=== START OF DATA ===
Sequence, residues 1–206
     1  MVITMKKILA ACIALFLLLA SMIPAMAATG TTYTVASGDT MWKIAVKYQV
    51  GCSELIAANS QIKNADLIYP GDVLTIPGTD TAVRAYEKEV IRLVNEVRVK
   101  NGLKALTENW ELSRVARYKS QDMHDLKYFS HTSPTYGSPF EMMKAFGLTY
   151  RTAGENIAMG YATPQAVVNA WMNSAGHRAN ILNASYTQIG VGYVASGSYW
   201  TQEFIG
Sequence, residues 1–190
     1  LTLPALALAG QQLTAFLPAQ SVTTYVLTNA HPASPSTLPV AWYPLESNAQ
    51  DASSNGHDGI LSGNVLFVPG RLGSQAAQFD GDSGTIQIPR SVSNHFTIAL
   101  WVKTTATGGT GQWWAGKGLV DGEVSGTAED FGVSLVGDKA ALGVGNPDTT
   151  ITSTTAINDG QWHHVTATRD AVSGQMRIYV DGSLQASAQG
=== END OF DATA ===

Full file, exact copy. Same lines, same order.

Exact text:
Sequence, residues 1–206
     1  MVITMKKILA ACIALFLLLA SMIPAMAATG TTYTVASGDT MWKIAVKYQV
    51  GCSELIAANS QIKNADLIYP GDVLTIPGTD TAVRAYEKEV IRLVNEVRVK
   101  NGLKALTENW ELSRVARYKS QDMHDLKYFS HTSPTYGSPF EMMKAFGLTY
   151  RTAGENIAMG YATPQAVVNA WMNSAGHRAN ILNASYTQIG VGYVASGSYW
   201  TQEFIG
Sequence, residues 1–190
     1  LTLPALALAG QQLTAFLPAQ SVTTYVLTNA HPASPSTLPV AWYPLESNAQ
    51  DASSNGHDGI LSGNVLFVPG RLGSQAAQFD GDSGTIQIPR SVSNHFTIAL
   101  WVKTTATGGT GQWWAGKGLV DGEVSGTAED FGVSLVGDKA ALGVGNPDTT
   151  ITSTTAINDG QWHHVTATRD AVSGQMRIYV DGSLQASAQG